Russia as a Food Superpower
- Datum: –17.00
- Plats: Institute for Russian and Eurasian Studies (IRES) Gamla torget 3, 3rd floor, IRES Library
- Arrangör: Institute for Russian and Eurasian Studies (IRES)
- Kontaktperson: Jevgenija Gehsbarga
Following his May 2018 inauguration, President Vladimir Putin signed a decree on strategic tasks for national development to 2024 which instructed that non-energy exports rise to $250 billion. According to the decree food exports should increase to $45 billion by 2024, representing more than a doubling over the 2017 level when they reached almost $21 billion.
Increased food export would give the Kremlin enhanced global status and provide more leverage to use food trade as an instrument of foreign policy. The $45 billion level would rank Russia eighth among food exporting nations in 2017, behind Canada and before Spain. A doubling of food exports would broaden and deepen Russia’s global market penetration and increase Russia’s projection of soft power into food insecure regions.
The purpose of the presentation is to analyse Russia’s prospects for doubling the value of its food exports to 2024. The talk will be organised around two main questions: (1) Can food supply increase to support a doubling of food exports by 2024? (2) Do demand-side factors among Russia’s main food customers facilitate or hinder an expansion of Russia’s food exports?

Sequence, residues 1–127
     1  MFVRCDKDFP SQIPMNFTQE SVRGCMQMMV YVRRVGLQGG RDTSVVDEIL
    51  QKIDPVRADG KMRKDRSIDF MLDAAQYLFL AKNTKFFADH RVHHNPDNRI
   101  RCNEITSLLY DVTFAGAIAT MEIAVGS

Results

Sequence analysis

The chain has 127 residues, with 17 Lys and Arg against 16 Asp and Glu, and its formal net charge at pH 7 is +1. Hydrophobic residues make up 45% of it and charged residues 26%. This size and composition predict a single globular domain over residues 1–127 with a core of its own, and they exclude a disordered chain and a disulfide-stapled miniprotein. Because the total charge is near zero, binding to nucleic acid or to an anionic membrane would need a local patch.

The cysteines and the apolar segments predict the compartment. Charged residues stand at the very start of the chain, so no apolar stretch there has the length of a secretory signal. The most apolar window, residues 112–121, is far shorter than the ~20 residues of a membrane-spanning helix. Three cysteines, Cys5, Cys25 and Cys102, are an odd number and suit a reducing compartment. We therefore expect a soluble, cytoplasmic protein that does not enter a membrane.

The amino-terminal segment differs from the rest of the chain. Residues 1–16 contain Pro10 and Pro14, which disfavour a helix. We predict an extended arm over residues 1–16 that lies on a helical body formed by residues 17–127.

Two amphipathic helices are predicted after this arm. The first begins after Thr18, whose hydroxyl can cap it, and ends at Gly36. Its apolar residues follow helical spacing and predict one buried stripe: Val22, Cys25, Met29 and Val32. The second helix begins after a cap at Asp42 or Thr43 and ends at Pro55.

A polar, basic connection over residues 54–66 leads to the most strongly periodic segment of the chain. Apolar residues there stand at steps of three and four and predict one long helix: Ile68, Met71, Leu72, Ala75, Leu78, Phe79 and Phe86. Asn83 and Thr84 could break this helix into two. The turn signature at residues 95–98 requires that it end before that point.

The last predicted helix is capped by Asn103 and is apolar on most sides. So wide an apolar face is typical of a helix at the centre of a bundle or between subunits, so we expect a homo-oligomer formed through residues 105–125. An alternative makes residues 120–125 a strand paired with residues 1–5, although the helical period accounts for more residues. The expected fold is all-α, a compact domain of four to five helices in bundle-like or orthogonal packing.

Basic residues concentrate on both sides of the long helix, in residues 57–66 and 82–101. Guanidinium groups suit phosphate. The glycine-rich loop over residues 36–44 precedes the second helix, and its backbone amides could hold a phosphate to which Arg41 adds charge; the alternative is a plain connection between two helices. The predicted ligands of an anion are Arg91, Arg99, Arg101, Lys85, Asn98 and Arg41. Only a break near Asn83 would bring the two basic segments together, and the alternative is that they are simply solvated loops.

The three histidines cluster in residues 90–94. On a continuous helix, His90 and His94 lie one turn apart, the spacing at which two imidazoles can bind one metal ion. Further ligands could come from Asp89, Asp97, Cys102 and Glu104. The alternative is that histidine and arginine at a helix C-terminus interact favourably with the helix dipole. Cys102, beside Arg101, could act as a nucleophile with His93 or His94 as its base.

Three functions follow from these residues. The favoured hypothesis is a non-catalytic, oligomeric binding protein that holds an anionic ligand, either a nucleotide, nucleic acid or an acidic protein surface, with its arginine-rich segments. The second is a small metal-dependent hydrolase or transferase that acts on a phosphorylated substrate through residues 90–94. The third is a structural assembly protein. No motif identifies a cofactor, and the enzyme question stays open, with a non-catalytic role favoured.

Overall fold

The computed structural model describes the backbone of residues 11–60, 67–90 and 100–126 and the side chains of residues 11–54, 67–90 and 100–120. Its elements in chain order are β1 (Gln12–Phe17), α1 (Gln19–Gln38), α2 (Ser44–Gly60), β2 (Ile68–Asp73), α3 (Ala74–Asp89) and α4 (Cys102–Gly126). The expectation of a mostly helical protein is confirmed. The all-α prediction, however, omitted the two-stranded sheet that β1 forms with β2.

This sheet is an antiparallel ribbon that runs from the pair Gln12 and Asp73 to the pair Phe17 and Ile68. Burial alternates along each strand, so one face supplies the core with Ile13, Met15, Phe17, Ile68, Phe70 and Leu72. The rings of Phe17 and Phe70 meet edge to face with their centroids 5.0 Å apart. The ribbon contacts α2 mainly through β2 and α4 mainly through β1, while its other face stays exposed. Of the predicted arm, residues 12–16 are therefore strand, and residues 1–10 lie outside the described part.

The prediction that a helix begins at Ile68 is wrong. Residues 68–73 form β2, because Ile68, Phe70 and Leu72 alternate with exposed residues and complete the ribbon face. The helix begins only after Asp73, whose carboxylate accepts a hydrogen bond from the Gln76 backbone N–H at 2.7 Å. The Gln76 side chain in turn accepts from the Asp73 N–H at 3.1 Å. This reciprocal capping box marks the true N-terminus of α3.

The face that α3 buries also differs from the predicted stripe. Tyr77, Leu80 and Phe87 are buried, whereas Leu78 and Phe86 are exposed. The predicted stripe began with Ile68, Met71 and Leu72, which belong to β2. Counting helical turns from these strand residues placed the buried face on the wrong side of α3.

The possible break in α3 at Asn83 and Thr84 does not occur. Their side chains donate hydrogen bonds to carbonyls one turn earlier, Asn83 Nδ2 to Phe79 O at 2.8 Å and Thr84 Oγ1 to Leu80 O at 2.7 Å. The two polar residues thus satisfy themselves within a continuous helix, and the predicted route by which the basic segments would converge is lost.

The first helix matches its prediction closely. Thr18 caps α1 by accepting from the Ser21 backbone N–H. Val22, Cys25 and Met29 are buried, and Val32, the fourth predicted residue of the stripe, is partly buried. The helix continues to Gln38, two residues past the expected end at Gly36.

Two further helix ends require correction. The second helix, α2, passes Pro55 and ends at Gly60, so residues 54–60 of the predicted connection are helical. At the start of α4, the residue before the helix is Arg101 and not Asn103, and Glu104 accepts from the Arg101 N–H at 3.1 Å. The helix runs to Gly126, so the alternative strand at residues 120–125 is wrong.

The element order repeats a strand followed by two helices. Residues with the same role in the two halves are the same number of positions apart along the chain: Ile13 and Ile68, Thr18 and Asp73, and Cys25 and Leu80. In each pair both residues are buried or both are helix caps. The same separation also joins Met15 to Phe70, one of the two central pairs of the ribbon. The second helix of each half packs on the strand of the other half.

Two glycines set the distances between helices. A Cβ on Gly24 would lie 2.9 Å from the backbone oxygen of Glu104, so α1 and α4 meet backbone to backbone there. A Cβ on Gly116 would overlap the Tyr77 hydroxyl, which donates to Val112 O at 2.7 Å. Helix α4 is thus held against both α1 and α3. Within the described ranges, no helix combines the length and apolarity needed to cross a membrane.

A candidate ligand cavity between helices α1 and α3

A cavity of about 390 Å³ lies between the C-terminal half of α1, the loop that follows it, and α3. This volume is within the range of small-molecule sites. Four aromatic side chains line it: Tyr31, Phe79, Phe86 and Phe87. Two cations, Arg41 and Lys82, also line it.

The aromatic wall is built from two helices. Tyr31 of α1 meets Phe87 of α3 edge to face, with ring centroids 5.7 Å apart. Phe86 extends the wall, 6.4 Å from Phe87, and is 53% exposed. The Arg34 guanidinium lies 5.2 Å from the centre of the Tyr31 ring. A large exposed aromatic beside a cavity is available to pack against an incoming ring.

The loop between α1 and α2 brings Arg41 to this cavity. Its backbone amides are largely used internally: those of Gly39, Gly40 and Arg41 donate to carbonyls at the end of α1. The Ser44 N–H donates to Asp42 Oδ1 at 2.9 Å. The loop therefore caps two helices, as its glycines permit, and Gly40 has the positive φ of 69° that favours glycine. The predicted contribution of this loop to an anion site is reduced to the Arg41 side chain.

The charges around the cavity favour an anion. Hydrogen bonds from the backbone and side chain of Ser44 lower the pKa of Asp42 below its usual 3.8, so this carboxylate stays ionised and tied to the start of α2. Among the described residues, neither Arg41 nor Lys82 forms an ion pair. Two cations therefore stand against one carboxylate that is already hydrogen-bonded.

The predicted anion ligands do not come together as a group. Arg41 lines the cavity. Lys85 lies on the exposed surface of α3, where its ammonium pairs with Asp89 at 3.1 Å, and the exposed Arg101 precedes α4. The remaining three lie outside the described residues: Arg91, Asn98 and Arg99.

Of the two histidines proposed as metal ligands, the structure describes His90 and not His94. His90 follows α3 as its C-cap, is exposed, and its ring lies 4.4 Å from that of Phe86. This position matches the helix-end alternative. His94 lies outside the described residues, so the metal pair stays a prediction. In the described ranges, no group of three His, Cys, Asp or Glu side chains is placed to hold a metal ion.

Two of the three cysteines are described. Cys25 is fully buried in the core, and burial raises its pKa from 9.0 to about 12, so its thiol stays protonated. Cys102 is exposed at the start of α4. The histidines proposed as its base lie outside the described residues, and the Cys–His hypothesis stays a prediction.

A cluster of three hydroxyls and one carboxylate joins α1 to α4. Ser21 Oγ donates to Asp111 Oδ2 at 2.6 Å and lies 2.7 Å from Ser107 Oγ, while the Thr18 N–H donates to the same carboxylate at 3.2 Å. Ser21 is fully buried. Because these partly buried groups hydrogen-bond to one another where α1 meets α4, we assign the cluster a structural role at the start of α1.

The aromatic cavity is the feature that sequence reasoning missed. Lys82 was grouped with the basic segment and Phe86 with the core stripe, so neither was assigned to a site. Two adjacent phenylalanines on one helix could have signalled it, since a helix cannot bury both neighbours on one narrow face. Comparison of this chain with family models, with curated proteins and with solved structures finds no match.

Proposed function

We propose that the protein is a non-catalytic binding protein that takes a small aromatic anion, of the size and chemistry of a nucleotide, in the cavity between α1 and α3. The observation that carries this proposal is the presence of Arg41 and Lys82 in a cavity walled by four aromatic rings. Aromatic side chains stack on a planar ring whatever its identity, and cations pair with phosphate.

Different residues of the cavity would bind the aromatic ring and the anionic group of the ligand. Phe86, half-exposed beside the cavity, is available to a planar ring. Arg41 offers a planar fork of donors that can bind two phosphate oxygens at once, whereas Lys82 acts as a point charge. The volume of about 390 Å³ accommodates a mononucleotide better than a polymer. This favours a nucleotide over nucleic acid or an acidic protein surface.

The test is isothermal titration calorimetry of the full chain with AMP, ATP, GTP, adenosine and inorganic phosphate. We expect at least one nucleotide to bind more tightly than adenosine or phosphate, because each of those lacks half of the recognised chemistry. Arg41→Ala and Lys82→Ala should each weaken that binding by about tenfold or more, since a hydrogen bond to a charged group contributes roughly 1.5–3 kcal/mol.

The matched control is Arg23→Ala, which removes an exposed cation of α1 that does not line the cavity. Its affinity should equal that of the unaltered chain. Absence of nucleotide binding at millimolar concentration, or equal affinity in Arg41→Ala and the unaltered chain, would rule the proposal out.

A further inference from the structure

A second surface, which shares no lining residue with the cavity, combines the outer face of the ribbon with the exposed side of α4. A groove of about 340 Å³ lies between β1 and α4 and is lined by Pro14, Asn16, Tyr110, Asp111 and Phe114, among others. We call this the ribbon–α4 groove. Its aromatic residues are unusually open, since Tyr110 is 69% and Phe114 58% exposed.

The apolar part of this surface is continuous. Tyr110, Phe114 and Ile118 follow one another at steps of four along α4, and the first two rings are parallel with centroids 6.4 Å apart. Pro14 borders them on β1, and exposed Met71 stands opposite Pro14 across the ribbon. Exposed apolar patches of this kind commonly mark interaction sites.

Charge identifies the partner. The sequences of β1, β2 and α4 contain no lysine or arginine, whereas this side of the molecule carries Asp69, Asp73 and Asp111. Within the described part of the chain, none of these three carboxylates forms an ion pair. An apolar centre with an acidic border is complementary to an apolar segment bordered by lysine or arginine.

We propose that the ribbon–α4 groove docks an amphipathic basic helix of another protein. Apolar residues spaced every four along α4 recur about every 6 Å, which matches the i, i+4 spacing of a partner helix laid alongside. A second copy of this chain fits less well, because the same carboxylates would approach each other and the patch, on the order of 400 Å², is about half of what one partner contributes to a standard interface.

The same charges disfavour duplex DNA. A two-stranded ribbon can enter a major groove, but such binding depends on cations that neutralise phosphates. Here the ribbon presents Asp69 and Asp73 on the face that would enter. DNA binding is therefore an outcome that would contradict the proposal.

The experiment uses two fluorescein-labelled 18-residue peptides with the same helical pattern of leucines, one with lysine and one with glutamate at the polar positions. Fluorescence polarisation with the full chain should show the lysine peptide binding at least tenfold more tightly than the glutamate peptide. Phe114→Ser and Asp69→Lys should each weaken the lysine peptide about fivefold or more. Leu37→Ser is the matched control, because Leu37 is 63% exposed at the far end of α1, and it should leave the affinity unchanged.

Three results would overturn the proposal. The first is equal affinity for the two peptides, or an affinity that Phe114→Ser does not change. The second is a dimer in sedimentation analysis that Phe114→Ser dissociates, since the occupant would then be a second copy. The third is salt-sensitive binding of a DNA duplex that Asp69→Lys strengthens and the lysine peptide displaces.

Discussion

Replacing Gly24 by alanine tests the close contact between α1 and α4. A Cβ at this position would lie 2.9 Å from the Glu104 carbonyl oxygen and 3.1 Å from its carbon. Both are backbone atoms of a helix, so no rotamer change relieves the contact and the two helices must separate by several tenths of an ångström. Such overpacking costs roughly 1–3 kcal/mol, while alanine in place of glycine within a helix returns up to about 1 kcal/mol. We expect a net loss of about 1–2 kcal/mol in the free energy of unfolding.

Through an analysis of supply and demand variables, Professor Wegren argues that despite the existence of myriad obstacles, Russia stands a better than even chance of reaching the export goal posited by Putin.
Stephen K. Wegren, Professor of Political Science at Southern Methodist University in Dallas, TX. He is the author or editor of 17 books on the political economy of post-communist nations. He has also published 150+ articles and book chapters in a wide range of journals and books. His research has been supported by the Social Science Research Council, the National Council for Eurasian and East European Research, the Ford Foundation, the International Research and Exchanges Board, OXFAM, and the Norwegian Research Council. Among his monographs are The Moral Economy Reconsidered: Russia’s Search for Agrarian Capitalism (2005); Land Reform in Russia: Institutional Design and Behavioral Responses (2009); Rural Inequality in Divided Russia (2014). His latest book is Food Policy and Food Security: Putting Food on the Russian Table (with Alexander Nikulin and Irina Trotsuk), published in 2018. He is currently working on a book titled Russia’s Food Revolution.